There is also an issue because this is a “one time” change to the child tax credit. While the purpose of alternating the deduction is so that each parent gets the same benefits over a two-year period, the parent who is allowed to claim the child in 2021 may actually get more money assuming the advanced monthly payments are made to that parent, but again, it is probably not enough to make it worth the cost to file a motion.

    In households with multiple children, the issue may be the amount of the credit now is different based upon a child’s age. It is common in a household with two children for each parent to claim one child each year. If one of those children are under 6, that parent may be receiving a higher amount for the tax credit than the other parent, when the plan was for the parents to receive an equal exempt amount.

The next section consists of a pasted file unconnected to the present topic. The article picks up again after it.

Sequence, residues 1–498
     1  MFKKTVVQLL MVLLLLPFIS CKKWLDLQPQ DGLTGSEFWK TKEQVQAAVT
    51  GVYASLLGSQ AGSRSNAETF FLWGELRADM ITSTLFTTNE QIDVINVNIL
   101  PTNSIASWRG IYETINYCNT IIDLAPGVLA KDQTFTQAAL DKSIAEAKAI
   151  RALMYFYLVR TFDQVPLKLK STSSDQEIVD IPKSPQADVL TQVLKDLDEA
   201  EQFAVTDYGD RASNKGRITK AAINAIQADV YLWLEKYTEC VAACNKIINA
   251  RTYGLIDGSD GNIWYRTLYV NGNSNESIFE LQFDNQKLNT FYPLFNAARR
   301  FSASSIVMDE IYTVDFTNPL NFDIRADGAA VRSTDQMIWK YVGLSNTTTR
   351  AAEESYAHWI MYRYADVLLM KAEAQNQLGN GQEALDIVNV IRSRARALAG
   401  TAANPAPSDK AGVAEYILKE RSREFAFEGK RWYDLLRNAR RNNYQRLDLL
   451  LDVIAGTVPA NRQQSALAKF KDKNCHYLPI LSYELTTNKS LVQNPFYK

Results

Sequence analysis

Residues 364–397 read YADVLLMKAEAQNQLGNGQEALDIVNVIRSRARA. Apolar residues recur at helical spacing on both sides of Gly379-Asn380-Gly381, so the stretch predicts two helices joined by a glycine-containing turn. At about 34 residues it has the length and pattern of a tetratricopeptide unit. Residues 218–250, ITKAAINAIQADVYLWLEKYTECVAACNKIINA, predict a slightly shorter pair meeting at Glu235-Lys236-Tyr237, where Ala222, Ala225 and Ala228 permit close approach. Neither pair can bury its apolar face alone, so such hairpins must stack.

While these changes currently only apply to 2021, there is already a strong push to make them permanent. Parents and attorneys must thus begin preparing for multiple future scenarios – scenarios such as what to do if the changes do become permanent, or do not. According to Barbara Bel, CPA and tax partner at PKF O’Connor Davies who helped with this article, the new Congressional changes impact cash flow in divorce and the negotiations on who gets the child exemptions.

    Who claims the exemption and what happens as a result, are not an IRS problem. It will fall upon the divorced parents, and possibly their accountants and attorneys, to handle these issues. It is therefore essential to know what is in the new law, and what implications it can have for your clients. Here at Daly & Associates, we have worked with our network of outside advisors to understand how this new law will impact our clients, and we are ready to help you work through it as well.

    If you have questions and would like to set up a consultation, call us at (973) 292-9222 or e-mail assistant@dalyfamilylaw.net. We’re working “Daly” for you!

    Barbara Bell is a Tax Partner with PKF O’Connor Davies’ Harrison, New York Office and a Certified Public Accountant. See more at Barbara Bel | PKF O’Connor Davies (pkfod.com)